“Embrace the 10x factor. That is, ask the question, ‘What would we do differently if we were trying to increase revenue 10x instead of by 10%?”
“Keep your head down. Follow the rules. Do as you’re told. Play it safe. Wait your turn. Ask permission. Learn to compromise. This is terrible advice.”
“The report did not list causes for the decline. But it cited possible factors including increased access to entertainment and social media, a decline in happiness among people age 30 and over, higher incidence of depression, and use of antidepressants associated with sexual dysfunction.”
“Competition is good. It turns you into a killer. It helps you judge progress. It shows that other people value the space you are in. Your competitors are also your potential acquirors.”
“What does an artist do, mostly? She tweaks that which she’s already done. There are those moments when we sit before a blank page, but mostly we’re adjusting that which is already there. The writer revises, the painter touches up, the director edits, the musician overdubs.”
“Put down the phone. You don’t need to tweet or post during your adventure unless you’re a sponsored athlete whose livelihood depends on it. I promise you that no one really cares.”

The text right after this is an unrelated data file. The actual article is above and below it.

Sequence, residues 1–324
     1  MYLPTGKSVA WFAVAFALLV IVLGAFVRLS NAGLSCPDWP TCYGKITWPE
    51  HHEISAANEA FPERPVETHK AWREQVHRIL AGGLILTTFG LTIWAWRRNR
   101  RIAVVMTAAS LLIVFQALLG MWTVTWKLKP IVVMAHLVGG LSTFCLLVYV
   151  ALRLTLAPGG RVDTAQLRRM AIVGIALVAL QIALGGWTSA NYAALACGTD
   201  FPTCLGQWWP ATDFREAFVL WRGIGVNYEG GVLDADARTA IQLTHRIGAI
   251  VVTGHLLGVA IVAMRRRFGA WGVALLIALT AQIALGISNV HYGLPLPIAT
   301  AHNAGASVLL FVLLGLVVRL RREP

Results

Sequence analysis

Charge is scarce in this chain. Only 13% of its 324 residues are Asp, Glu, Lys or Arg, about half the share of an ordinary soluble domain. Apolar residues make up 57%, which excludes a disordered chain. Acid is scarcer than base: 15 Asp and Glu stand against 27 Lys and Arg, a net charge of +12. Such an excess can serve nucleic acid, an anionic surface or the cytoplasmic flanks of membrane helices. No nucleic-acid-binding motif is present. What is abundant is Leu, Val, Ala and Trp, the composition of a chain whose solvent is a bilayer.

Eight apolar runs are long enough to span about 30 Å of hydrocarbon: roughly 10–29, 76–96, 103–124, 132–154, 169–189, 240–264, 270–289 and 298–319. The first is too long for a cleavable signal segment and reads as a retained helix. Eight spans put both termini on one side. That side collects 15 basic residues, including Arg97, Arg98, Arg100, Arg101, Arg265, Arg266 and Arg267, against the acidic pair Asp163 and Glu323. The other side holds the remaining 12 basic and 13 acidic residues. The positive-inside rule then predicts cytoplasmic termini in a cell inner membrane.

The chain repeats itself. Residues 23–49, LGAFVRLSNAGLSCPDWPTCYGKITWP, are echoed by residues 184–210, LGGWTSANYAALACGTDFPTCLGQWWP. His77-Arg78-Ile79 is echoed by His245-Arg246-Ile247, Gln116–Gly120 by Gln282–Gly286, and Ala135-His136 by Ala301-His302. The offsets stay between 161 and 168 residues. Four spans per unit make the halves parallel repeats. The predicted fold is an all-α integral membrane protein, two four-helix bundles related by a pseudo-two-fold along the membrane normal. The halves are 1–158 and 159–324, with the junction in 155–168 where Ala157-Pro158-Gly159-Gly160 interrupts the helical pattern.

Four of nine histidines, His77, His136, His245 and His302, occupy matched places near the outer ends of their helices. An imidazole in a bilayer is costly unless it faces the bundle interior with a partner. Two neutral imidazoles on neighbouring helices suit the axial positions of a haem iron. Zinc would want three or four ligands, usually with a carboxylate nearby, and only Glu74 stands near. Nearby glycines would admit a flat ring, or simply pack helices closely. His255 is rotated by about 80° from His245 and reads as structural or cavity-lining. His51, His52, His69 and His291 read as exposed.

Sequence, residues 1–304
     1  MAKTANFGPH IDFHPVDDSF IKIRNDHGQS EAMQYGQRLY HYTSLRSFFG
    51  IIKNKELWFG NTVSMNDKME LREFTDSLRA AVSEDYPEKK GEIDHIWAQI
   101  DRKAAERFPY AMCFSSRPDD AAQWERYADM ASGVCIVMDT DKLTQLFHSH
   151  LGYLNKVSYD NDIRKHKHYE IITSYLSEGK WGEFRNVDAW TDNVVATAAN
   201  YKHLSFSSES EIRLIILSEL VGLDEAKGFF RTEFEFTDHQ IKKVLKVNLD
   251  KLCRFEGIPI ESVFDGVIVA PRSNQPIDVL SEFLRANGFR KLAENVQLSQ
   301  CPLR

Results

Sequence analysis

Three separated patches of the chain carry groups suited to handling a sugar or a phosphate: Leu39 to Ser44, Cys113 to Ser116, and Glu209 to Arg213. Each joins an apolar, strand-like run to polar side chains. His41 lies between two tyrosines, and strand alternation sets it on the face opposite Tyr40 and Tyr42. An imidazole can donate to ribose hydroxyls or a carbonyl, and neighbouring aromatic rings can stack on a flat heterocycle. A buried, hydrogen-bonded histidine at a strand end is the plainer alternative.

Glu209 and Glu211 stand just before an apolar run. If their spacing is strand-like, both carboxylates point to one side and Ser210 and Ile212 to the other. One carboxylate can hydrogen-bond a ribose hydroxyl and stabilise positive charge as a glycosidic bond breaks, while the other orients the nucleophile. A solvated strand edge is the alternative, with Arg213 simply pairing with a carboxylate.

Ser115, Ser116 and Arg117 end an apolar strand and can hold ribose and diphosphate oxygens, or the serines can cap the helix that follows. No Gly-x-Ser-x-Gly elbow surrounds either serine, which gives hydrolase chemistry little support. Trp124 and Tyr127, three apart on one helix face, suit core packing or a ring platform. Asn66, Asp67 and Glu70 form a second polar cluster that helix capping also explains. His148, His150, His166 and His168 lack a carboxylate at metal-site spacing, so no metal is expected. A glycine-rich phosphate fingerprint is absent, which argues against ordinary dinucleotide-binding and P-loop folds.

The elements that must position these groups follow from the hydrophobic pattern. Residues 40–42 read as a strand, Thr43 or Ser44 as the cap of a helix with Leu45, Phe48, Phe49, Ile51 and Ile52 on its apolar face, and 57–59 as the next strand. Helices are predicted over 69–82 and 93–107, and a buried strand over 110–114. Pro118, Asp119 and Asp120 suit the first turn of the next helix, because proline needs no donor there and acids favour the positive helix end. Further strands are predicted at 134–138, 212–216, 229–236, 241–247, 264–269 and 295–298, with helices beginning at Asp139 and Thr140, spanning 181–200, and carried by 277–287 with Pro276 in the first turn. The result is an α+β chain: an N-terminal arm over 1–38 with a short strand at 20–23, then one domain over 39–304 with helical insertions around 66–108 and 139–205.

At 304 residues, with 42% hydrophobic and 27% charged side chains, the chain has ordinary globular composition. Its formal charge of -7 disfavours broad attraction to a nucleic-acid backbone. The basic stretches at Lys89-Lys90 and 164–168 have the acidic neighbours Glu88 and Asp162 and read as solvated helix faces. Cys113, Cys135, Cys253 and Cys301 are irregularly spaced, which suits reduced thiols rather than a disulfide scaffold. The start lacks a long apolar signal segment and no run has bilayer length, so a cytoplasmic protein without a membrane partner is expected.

“There’s the very real danger that ‘succeeding’ will take up your whole life, while the big questions go untended.” — George Saunders
Phoenix. The late 1970s.
A boy grows up in an entertainment obsessed family. Spends countless hours watching movies and TV shows with his parents, siblings, and friends.
Every career is a work in progress —forever.
Whether we switch jobs every year or stay at the same company for decades, we grapple with the results of our career decisions on a daily basis.
That can get overwhelming.
Since I’m relatively pleased with how my career has evolved, I often get asked by others for career advice. People constantly wonder whether they should stick with their job, leave for a new one, or switch career paths entirely.
There’s no one-size-fits-all answer to these questions, but I’ve noticed six recurring suggestions I share with them.
“Being a stand-in is simultaneously the coolest and most frustrating job you can have in this business.”